On the tenth day the war started with the Pandavas placing Sikhandi right at the forefront of their formation and Bhima and Arjuna protected him on his two sides. On the opposite side Bhisma was at the head of the Kaurava formation, and Duryodhana knowing the danger to Bhisma, knowing that the Pandava’s would be targeting Bhisma arranged for Dusasana especially to be the protector of Bhisma, and along with Dusana several other warriors were told to be at the side of Bhisma available for his protection. And Arjuna urged Sikhandi to charge towards Bhisma, and Shikhandi bellowed out a challenge to Bhisma and started shooting arrows. Bhisma turned disdainfully towards Sikhandi. He said, “O Sikhandi, you are to me the same person that the creator had made you in the past. You are by no means equal to me and I will not fight with you. “ Sikhandi felt infuriated; every ksatriya want to fight and exhibit the prowess. So, he felt infuriated and he said, “You are a wretched sinner. You watched passively while Draupadi was being disrobed, and for that you deserve to die. Take a last look at the world because today my arrows will shoot to kill you.” Seeing Sikhandi attacking Bhisma and Bhisma not retaliating at all – and he was engaging with other warriors. Several other Kaurava warriors came to the side of Bhisma and they challenged Sikhandi, and as Sikhandi was drawn aside Bhisma went to the other side, and then Arjuna and Bhima fell with a maniac fury on the Kaurava warriors who had come to assist Bhisma, and the Kaurava armies started breaking and fleeing, and as they were terrorized Bhisma was elsewhere fighting fiercely; Bhisma knew that this was probably going to be his last day and as a ksatriya he could not go down passively. He decided to make on final and supreme effort, and as he fought fiercely the Pandavas watched on with amazement, admiration and dismay to see his extraordinary prowess. So, Bhisma was wrecking havoc on one side of the battlefield and Arjuna and Bhima were wreaking havoc on another side of the battlefield. Eventually several other warriors came and fought and engaged Bhisma; while Bhima and Arjuna were destroying other warriors who were trying to stop them from reaching Bhisma.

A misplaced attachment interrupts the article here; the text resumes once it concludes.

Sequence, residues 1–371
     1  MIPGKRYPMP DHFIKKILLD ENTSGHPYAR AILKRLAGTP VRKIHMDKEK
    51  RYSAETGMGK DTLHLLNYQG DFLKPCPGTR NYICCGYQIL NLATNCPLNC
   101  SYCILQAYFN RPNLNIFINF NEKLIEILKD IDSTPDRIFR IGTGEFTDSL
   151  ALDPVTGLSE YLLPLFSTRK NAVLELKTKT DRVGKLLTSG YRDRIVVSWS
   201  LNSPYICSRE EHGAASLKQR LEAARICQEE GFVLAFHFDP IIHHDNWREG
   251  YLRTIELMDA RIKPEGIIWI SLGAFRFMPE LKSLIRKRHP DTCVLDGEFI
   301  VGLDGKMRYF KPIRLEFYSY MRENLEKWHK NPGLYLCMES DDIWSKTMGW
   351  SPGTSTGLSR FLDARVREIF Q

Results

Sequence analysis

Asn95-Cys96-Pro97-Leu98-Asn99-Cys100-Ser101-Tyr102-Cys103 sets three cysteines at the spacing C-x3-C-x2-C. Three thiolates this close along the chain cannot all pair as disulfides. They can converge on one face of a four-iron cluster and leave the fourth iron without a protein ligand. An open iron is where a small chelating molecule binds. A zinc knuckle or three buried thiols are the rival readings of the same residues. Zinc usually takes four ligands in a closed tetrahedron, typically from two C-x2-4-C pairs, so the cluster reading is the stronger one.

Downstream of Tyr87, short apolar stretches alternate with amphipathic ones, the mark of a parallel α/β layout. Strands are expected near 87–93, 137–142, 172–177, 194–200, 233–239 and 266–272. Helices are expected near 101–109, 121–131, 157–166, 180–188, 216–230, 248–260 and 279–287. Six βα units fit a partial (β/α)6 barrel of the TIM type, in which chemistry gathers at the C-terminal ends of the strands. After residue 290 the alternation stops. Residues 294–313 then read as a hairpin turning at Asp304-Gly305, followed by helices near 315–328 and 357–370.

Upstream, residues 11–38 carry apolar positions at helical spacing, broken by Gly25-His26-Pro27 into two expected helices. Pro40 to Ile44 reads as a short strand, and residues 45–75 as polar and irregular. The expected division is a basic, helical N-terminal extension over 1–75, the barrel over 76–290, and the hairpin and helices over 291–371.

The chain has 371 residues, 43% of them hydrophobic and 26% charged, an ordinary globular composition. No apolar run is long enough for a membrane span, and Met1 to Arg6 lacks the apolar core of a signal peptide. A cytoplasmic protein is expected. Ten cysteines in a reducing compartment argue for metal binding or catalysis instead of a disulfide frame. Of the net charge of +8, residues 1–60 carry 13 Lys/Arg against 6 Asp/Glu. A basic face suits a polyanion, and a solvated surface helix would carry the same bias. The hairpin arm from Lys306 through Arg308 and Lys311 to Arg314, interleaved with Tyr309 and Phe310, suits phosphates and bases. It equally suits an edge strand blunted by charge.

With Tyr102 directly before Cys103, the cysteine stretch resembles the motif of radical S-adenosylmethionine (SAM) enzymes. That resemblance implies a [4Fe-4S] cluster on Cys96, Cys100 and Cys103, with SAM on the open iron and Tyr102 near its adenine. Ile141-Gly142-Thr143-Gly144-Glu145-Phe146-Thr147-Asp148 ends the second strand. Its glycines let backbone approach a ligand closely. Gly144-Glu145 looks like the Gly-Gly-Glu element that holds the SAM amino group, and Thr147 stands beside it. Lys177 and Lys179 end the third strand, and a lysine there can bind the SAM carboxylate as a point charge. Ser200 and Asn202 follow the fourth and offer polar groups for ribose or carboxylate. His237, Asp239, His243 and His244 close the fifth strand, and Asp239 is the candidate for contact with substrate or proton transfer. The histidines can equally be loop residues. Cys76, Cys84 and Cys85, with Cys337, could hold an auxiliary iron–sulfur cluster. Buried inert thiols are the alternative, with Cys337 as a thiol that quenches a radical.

Duryodhana seeing his army getting the worst of the confrontation went over to Bhisma and he said, “O grandsire! I cannot believe that the Pandavas can destroy my army like this while you are in charge. Please do not let me down like this. Please fight to the fullest of your prowess and protect me. I have come to you for your shelter.” Duryodhana would never take advice when Bhisma would give him advice, but now he was seeking shelter. He would do whatever was needed to satisfy his hunger for power. So, Bhisma raised his hand in silent assent and he said, “I had taken a vow that I would